A few years ago, Muslim groups in the UK sponsored some billboards with a rather bold claim about the Qur’an. This book, so it was proclaimed, in bold letters has: ‘Never Been Changed, Never Been Altered’. What this statement lacks in historical accuracy is perhaps partially redeemed by the fact that it is a rather elegant summary of the beliefs of contemporary Muslim beliefs about the Qur’an. Most modern Muslims firmly believe that there is an unbroken line from the Qur’an as supposedly revealed to Muhammad and what they hear read and recited today.
If only things were so simple! As with comparable ancient texts we can show that the Qur’an is the result of a complicated process of merging a variety of sources. We can even point out how disagreements about the end product made their way into the historical record. One of the most startling instances of this happening dealt with a disagreement about the appropriate punishment for adultery. Some Muslims clearly wanted the harshest penalty possible (i.e. stoning) while others advocated more lenient punishments (e.g. flogging or house arrest).
In the Qur’an that Muslims read today the lenient position won out in the sense that the Qur’an does not mention stoning as the punishment for any crime. Yet, all schools of Shari’a maintain that adulterers should be stoned. What is going on here?
It is clearly the case that many in the early Muslim community never made their peace with the more lenient position. Thus, they inserted their convictions into the mouths of two of the most respected members of the early Muslim community the Khalif Umar and Muhammad’s favorite wife Aisha in the form of supposedly ‘sound’ historical traditions.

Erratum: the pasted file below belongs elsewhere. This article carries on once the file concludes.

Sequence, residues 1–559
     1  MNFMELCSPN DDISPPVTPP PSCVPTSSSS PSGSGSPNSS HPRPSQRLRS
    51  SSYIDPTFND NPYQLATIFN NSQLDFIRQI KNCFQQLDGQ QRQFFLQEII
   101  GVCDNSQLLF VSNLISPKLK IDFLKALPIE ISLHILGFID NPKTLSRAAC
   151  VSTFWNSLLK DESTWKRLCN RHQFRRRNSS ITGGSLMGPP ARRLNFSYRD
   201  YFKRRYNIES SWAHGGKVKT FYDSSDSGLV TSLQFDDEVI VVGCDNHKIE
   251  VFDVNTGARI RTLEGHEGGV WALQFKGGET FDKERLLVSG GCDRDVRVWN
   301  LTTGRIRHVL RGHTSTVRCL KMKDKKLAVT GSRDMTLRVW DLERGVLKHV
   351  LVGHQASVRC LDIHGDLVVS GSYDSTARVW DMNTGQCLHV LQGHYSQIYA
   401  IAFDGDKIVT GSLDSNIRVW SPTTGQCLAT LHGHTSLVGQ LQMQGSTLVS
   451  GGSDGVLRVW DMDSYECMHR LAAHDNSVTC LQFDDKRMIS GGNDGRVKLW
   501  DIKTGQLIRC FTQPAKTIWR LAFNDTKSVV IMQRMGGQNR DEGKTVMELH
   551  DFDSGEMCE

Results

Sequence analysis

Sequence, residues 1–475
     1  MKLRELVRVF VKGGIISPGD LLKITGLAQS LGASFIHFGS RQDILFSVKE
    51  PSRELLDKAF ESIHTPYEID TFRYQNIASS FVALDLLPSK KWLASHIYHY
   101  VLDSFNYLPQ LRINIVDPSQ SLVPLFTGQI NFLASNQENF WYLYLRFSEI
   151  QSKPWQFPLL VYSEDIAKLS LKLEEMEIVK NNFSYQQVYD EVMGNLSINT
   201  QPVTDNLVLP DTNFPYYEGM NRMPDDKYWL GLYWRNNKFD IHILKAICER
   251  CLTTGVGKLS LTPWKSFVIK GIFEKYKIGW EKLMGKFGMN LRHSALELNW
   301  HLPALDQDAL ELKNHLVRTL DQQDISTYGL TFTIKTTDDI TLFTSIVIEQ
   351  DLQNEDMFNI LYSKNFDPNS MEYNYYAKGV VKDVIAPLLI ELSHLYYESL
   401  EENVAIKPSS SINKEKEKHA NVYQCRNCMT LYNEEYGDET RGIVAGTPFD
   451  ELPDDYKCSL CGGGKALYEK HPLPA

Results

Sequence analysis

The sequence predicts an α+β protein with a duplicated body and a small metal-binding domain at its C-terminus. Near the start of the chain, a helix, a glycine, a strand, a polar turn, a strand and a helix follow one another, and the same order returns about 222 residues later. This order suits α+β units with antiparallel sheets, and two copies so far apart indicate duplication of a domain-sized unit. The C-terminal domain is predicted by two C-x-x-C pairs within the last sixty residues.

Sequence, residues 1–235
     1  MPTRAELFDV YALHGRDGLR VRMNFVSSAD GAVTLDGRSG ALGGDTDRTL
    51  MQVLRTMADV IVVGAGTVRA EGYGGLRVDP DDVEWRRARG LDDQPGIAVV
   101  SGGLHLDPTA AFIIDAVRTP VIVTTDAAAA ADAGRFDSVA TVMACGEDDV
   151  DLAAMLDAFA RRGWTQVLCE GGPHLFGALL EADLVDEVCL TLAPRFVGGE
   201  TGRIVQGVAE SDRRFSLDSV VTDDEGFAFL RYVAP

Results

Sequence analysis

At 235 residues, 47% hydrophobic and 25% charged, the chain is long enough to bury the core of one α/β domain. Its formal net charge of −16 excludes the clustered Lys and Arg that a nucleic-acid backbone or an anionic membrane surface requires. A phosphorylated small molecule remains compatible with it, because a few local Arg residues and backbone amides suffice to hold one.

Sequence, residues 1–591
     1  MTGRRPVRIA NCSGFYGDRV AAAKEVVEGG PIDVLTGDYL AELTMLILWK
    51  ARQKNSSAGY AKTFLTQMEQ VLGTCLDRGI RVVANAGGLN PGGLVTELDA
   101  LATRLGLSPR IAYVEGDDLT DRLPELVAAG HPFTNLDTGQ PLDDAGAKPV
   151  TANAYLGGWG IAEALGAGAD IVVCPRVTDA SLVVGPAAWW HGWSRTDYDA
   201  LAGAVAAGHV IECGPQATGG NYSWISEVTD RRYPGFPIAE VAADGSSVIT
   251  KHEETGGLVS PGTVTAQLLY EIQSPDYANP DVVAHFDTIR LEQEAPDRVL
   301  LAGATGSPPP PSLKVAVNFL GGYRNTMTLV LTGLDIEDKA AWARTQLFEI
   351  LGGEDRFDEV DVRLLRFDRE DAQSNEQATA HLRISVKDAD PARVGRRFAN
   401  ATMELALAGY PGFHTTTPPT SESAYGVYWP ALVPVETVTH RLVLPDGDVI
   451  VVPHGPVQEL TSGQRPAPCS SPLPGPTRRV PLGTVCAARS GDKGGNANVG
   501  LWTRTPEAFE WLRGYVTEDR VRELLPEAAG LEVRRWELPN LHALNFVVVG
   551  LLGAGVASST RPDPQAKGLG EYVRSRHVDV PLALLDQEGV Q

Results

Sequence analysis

Umar is made to say that people will come to corrupt the text later on but that the faithful have to remember that the ‘Verse of the Stoning’ was once part of the Qur’an: “I am afraid that after a long time has passed, people may say, “We do not find the Verses of the Rajam (stoning to death) in the Holy Book,” and consequently they may go astray by leaving an obligation that Allah has revealed. Lo! I confirm that the penalty of Rajam is to be inflicted on him who commits illegal sexual intercourse ” (Sahih Bukhari 8:816)
So how was this verse lost? The answer, is supposedly provided by Aisha, is rather comical: “The verse of stoning and of suckling an adult ten times were revealed, and they were (written) on a paper and kept under my bed. When the Messenger of Allah expired and we were preoccupied with his death a goat entered and ate away the paper.” (Sunan Ibn Majah, Book of Nikah, Hadith Number 1934)
So, there you have it Allah’s eternal word was ‘edited’ by a goat. This tradition raises all sorts of questions. These include:
1) How could Allah have been so spectacularly careless to let part of his perfect guidance to humanity get lost in this way. Especially after declaring: “It is We Who sent down the Qur’an and indeed we will be its guardian” (Qur’an 15:9)
2) How were these verses removed from the Qur’an and the memory of those who memorised it?
3) If this verse was abrogated (replaced) as claimed by some Muslims even more questions are raised: a) Where is the ‘something better’ that it was replaced by? (Qur’an 2:1 06) b) Why do the hadiths (traditions) and shari’a rulings based on it still call for the stoning of adulterers despite the Qur’an being silent on the subject? c) Why was it not left in the Qur’an like other abrogated verses?
A goat chomping away at the Qur’an is a rather funny image but this should not take away from the serious point. Far from being the product of a single mind (human or divine) the pages of the Qur’an is clearly contested territory as is shown in the incontrovertible historical evidence of serious conflict over what should ‘make the cut’.
For more about the process through which the Qur’an came into being see Chapter 6 of my book ‘The Mecca Mystery – Probing the Black Hole at the Heart of Muslim History’